1901 – Baptist Church House, Southampton Row, London

Architect: Arthur Keen


Former Baptist Chapel, offices and shop built 1901-3 to the design of Arthur Keen, architect for the Baptist Union of Great Britain and Ireland. ‘Wrenaissance’ style with Flemish-inspired shaped gables and eclectic baroque and Arts and Crafts details. Damaged in the Second World War but listed Grade II.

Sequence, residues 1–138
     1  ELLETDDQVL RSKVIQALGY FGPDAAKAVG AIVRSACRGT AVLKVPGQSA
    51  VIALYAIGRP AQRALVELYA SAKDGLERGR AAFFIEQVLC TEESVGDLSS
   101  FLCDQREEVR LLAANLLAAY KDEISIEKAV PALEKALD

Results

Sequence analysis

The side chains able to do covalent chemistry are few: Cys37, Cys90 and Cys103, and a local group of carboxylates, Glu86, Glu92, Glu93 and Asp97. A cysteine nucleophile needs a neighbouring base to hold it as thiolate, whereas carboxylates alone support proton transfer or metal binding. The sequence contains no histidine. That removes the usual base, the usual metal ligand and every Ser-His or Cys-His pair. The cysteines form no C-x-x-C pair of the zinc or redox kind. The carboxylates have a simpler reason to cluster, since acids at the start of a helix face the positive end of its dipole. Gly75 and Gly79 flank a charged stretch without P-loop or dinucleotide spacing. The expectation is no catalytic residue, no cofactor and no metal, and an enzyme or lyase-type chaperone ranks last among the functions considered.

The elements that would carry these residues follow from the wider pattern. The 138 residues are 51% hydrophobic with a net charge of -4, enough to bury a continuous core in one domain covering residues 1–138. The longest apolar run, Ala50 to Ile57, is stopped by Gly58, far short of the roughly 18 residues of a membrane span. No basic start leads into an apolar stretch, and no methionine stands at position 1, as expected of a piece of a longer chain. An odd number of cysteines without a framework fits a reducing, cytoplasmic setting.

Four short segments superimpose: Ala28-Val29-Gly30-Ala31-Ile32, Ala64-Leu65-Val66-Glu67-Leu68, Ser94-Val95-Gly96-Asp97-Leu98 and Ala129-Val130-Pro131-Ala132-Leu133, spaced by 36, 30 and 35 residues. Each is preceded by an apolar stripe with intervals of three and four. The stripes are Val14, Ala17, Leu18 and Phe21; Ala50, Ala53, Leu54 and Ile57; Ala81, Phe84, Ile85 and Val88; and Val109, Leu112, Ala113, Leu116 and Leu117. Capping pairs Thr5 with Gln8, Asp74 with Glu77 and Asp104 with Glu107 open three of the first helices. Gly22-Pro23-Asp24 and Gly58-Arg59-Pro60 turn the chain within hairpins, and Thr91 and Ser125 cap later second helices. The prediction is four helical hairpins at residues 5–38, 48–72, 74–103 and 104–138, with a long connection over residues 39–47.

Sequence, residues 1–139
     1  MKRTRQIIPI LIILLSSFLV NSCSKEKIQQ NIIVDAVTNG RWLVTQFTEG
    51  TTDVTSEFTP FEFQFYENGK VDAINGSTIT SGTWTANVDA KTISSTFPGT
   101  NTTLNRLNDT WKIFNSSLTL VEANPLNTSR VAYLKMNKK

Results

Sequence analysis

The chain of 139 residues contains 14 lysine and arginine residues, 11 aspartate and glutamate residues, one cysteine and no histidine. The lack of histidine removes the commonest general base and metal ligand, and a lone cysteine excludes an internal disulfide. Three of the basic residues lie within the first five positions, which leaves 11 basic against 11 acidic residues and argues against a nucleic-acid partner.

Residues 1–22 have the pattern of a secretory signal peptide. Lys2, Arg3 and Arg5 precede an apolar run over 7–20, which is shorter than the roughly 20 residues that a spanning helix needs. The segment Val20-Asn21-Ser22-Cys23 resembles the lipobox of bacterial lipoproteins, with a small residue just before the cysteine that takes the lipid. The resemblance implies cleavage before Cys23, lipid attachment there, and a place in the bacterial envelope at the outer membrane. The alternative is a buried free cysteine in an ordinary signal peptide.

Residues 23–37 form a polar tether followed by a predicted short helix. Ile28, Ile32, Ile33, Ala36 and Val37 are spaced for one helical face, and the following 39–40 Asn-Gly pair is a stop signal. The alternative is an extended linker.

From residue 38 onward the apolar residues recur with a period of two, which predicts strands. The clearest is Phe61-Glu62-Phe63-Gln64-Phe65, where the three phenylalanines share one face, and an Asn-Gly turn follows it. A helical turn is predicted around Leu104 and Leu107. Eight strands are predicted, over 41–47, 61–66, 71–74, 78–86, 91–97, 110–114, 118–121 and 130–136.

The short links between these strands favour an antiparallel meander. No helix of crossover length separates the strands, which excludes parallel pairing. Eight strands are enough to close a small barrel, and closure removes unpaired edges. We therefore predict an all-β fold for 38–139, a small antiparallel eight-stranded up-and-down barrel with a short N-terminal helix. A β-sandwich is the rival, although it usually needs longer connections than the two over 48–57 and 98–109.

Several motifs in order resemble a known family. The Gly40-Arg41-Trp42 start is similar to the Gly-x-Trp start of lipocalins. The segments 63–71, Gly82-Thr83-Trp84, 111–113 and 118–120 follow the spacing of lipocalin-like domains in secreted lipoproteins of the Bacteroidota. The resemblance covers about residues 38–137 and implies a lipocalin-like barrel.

“This building is the first to be begun in connection with the new avenue to the Strand, being on a site formed by the widening of Southampton- vow to 70ft. It is to contain the offices of the Baptist Union, together with council-room, committee-rooms, library, and publication department. The upper floors are arranged as suites of offices, which it is proposed to lot to religious societies, and the back of the site is occupied by an octagonal chapel to take the place of the old Kingsgate-street Chapel, which has been demolished. A preliminary contract has been carried out by Messrs. G.S.S. Williams & Son, and the basement is now being built by Messrs. Higgs and Hill. The architect is Mr. Arthur Keen, of Gray’s Inn, and our illustration is from a drawing by Mr. T. Hamilton Crawford, now exhibited at the Royal Academy.”